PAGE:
The latest economic projections from the Atlanta Fed model, GDP Now, continue to soften. Their quantitative method predicted strong growth of over 5% back in February. Now they are suggesting annualized growth of less than 2%. Despite this, the Fed Funds futures market now predicts a 45% likelihood of a 4th rate hike this year. This is a sharp increase since the beginning of 2017.

What should an investor do? Even if the FED Funds rate continues to rise, we see a few areas which may be beneficial for U.S Treasuries. First, we see a dramatic shift in sentiment for U.S. Bonds. Speculative bond investors are net short, meaning they expect yields to head much higher. When this has happened in the past rates generally moved in the opposite direction.

Still, our strategic concerns about valuations, Fed actions, excessive optimism, a bubble in ecommerce stocks and potential trade wars are sobering. During periods like this, investors should avoid being too aggressive and use upward and downward volatility to respectively trim expensive and buy bargain securities.

 

When the Trump administration announced tariffs on the import of steel and aluminum many believed that it would signal the beginning of a trade war with China. Since that initial announcement, there have been several additional moves by both Washington and Beijing on the trade front that stand to alter the balance of trade for the foreseeable future.

 

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Source: International Trade Centre

While it appears unlikely that a full blown trade war will develop, trade tensions between the two super powers are high with some in China going as far as suggesting that the Chinese consumer could be weaponized if a full-on boycott of US goods were to be imposed by Beijing. It does not appear we will ever get to that, however that does not mean there haven’t been impacts. Take for example cross-border deal-making.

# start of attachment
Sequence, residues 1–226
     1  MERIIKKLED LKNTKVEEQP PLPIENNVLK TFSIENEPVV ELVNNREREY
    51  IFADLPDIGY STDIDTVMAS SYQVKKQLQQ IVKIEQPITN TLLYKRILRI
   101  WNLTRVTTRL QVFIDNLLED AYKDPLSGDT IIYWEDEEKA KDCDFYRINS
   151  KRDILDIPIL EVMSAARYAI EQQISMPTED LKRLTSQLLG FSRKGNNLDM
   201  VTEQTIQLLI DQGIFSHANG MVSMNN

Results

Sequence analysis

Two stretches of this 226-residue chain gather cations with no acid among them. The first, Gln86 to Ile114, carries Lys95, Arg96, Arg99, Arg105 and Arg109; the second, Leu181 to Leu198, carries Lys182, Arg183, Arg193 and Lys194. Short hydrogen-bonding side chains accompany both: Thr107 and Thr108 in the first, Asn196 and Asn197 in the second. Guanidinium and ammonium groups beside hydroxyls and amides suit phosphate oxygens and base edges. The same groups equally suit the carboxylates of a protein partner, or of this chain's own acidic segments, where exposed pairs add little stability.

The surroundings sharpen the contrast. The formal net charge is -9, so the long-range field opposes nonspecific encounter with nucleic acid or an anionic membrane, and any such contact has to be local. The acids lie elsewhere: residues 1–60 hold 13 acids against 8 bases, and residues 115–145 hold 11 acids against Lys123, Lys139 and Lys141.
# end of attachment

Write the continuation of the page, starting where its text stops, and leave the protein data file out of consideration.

The following chart shows global mergers and acquisitions currently on pace for a record year in terms of deal value. In fact, for 2018 through March 29th, more than $1 trillion dollars of mergers and acquisitions (M&A) have already been announced. The record pace has been largely driven by still low interest rates, availability of cash on corporate balance sheets, companies shedding assets to focus on core businesses, and the need to stimulate growth inorganically. Many of these announced deals involve cross-border corporate tie-ups which historically have been tough to execute due to their complex nature.

Consider for one moment that for a cross border merger deal to go through, two companies must agree on the terms and conditions, management teams at both firms must agree on who will drive the process to closure, where potential synergies (i.e. cost savings) will be realized, and what the time table for integration might be. Of course that’s before a deal even makes it to the approval process by regulatory bodies in multiple countries.

This environment over the last several years has only become more complex. For example, in deals announced involving China-to-US takeovers (with deal value of nearly $160 Billion), nearly half have been terminated or withdrawn since 2015.

Now, with a potential US-China trade war possibly looming, the cross-border deal making environment stands to see even more complexity. Take for instance the 101 pending Mergers and Acquisitions transactions involving North American companies as of April 23, 2018. Of those, 9 require the approval of the Chinese Ministry of Commerce (MOFCOM), which is responsible for already postponing the approval of several large M&A transactions since trade tensions emerged with the US. It is widely thought this tactic by MOFCOM is being used by Beijing to gain leverage in trade discussions with the US.